Alas, decades' worth of research utterly failed to demonstrate this correlation, and the 2015-2020 Dietary Guidelines for Americans1,2,3,4,5 finally addressed this scientific shortcoming, announcing "cholesterol is not considered a nutrient of concern for overconsumption."6

This is good news, since dietary cholesterol plays an important role in brain health and memory formation, and is indispensable for the building of cells and the production of stress and sex hormones, as well as vitamin D. (When sunlight strikes your bare skin, the cholesterol in your skin is converted into vitamin D.)

Unfortunately, the dietary guidelines still cling to outdated misinformation about saturated fat, wrongly accusing it of raising LDL and contributing to heart disease. Here, science has shown that saturated fat only raises the safe, fluffy LDL particles. It also increases HDL, which is beneficial for your heart.

The guidelines became and are still confusing because the basic premise was wrong. Dietary fat is indeed associated with heart disease, but it's the processed vegetable oils, which are loaded with trans fats and oxidized omega-6 fats, that are the problem, not saturated fats.

The introduction of industrialized, highly processed and frequently heated omega-6 vegetable oils distorted the vitally important omega 6-to-3 ratio, causing metabolic catastrophes. The problem was further exacerbated by replacing saturated fat with refined carbohydrates, which were incorrectly viewed as a healthier option, thanks to misinformation created and spread by the sugar industry.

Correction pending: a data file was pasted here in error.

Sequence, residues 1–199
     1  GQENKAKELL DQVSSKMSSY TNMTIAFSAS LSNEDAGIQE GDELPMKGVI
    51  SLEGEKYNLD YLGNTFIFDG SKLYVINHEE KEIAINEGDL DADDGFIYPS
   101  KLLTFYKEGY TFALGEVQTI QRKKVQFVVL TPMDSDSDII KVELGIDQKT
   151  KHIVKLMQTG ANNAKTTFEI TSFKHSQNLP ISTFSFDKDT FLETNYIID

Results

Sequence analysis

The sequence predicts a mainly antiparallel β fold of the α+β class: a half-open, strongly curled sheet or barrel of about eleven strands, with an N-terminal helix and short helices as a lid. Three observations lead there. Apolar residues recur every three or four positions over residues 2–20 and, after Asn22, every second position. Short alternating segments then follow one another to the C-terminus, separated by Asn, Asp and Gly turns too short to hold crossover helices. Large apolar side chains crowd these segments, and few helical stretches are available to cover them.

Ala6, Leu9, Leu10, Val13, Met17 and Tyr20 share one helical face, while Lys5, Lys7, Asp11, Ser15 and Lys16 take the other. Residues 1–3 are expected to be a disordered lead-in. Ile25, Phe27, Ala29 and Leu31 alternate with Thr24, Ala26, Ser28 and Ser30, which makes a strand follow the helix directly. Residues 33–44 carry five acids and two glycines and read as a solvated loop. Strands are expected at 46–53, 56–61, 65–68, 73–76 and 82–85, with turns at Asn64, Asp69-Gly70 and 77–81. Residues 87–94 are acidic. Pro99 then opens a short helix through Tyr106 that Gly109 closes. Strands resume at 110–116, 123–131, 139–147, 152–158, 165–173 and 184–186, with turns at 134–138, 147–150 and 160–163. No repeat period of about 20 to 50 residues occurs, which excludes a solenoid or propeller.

Brain

UK researchers investigating potential of cannabidiol to shrink brain tumors

© denali healthcare
In a world first, scientists at Nottingham University, UK, are investigating whether cannabidiol - a non-psychoactive chemical in marijuana - could be used to shrink brain tumors, prompted by a growing number of parents administering it to their children for the purpose.

The team is led by Professor Richard Grundy of Nottingham University's children's brain tumor center, who said there had been a sizeable surge in parents administering it without medical advice in the belief it might help in 2017. Products containing cannabidiol can be bought online legally, as they do not contain THC, the ingredient in cannabis which induces the high.

In 2016, the Medicines and Healthcare Products Regulation Agency declared the compound had a "restoring, correcting or modifying" effect on "physiological functions." Still, the ruling meant companies must acquire a licence to sell them — they are officially classified as medicinal, and as such must meet safety, quality and efficacy standards.

Comment: The ability of cannabis to kill 'incurable' brain cancer has been known for years. The primary obstacle to it's wider use and acceptance is the intransigence of the revenue driven pharmaceutical industry capitalizing on the suffering of humanity.


Evil Rays